President Obama recently implored American business leaders to “get in the game” by spending trillions of dollars in corporate cash reserves on investments that would spur the economy. But he may have been preaching to the proverbial choir.
After years of stockpiling cash in the wake of the 2008 financial collapse, American businesses appear poised to do just what the President requested: invest and create jobs. Consider the latest NACD Board Confidence Index (BCI), in which a majority of directors forecast that their companies will expand their current workforce in 2011. This is a significant development in what has been, in many key respects, a lethargic economic recovery.
Even after the economy began emerging from the depths of the recession in 2009, American corporate leaders remained fearful of another downturn, prompting companies to safeguard their cash reserves, now estimated to be about $2 trillion. That, of course, has contributed to a mixed economic picture today: many companies, while profitable, are unwilling to make the kind of large-scale investments that would put millions of unemployed Americans back on the payroll.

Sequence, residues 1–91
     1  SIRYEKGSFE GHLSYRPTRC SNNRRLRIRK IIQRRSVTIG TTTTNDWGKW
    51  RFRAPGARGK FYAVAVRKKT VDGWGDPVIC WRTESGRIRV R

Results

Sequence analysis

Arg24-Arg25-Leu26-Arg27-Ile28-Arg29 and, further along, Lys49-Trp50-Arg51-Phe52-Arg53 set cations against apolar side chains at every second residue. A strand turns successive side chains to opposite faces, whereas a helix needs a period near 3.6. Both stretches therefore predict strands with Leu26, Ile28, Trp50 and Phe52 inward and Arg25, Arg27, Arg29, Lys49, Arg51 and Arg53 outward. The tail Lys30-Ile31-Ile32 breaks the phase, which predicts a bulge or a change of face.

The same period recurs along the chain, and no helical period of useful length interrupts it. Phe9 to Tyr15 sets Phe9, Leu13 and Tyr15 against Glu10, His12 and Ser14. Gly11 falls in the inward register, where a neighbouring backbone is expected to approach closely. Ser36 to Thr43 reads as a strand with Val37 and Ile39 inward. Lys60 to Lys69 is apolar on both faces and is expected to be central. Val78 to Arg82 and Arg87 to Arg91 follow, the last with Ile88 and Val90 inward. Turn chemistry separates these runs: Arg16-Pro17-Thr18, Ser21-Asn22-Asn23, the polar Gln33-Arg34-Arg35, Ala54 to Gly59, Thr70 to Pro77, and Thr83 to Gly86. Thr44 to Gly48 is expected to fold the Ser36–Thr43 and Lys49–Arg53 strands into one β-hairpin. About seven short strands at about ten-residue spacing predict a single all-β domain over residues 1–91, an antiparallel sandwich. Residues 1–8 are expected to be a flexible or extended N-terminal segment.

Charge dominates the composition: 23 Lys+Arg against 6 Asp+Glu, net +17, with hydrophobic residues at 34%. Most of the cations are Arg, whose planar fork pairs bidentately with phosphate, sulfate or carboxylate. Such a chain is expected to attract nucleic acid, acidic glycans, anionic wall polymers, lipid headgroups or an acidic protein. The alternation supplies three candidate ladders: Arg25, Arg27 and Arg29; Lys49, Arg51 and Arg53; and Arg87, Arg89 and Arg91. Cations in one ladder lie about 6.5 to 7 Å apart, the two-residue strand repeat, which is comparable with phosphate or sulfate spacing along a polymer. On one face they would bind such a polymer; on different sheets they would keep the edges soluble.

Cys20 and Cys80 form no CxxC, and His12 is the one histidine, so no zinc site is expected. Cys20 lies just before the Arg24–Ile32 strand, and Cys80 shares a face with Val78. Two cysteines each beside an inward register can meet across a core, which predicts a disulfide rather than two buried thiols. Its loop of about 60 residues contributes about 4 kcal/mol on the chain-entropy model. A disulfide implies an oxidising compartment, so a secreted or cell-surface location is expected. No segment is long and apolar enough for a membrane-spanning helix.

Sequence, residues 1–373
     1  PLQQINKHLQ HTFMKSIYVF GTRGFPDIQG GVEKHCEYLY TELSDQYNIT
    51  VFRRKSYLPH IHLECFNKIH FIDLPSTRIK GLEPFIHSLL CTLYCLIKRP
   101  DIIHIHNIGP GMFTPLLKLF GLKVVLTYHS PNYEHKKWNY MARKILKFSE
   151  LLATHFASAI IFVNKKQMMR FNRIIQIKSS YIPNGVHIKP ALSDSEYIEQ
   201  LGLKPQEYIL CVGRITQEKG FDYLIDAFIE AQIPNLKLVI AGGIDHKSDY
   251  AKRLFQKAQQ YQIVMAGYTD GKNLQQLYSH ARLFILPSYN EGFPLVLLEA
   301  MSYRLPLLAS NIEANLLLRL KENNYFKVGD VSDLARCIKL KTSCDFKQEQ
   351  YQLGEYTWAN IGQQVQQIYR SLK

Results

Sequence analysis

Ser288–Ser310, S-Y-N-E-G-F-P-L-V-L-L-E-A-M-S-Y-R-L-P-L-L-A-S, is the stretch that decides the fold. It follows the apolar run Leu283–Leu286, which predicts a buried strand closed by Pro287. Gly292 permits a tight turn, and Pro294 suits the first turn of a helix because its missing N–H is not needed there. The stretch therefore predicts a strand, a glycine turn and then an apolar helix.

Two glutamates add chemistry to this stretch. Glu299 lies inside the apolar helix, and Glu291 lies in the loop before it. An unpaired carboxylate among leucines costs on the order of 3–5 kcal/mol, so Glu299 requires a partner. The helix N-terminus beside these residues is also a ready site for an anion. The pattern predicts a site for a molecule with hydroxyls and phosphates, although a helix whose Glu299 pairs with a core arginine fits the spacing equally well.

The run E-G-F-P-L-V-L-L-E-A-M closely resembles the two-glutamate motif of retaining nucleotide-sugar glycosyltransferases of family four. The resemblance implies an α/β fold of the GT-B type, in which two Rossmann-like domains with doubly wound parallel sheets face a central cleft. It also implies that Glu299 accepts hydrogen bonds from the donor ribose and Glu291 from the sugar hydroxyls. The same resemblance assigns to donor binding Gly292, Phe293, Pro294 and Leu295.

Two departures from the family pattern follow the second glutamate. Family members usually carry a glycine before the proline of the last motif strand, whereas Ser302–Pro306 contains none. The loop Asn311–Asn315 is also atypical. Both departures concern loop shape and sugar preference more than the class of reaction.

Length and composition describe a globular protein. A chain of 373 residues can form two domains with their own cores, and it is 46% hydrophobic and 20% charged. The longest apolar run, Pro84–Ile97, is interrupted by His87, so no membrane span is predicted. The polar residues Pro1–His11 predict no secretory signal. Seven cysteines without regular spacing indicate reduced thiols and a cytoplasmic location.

But as the NACD BCI for Q4 2010 suggests, the widespread fear of a double-digit recession appears to be over, with many corporate directors saying that they see the prospect of continued economic growth over the next year.
Now is the time for directors to begin looking at what best practices their companies should be putting in place to help position them for growth in the year ahead—whether those policies focus on compensation, ethics, accountability or competence.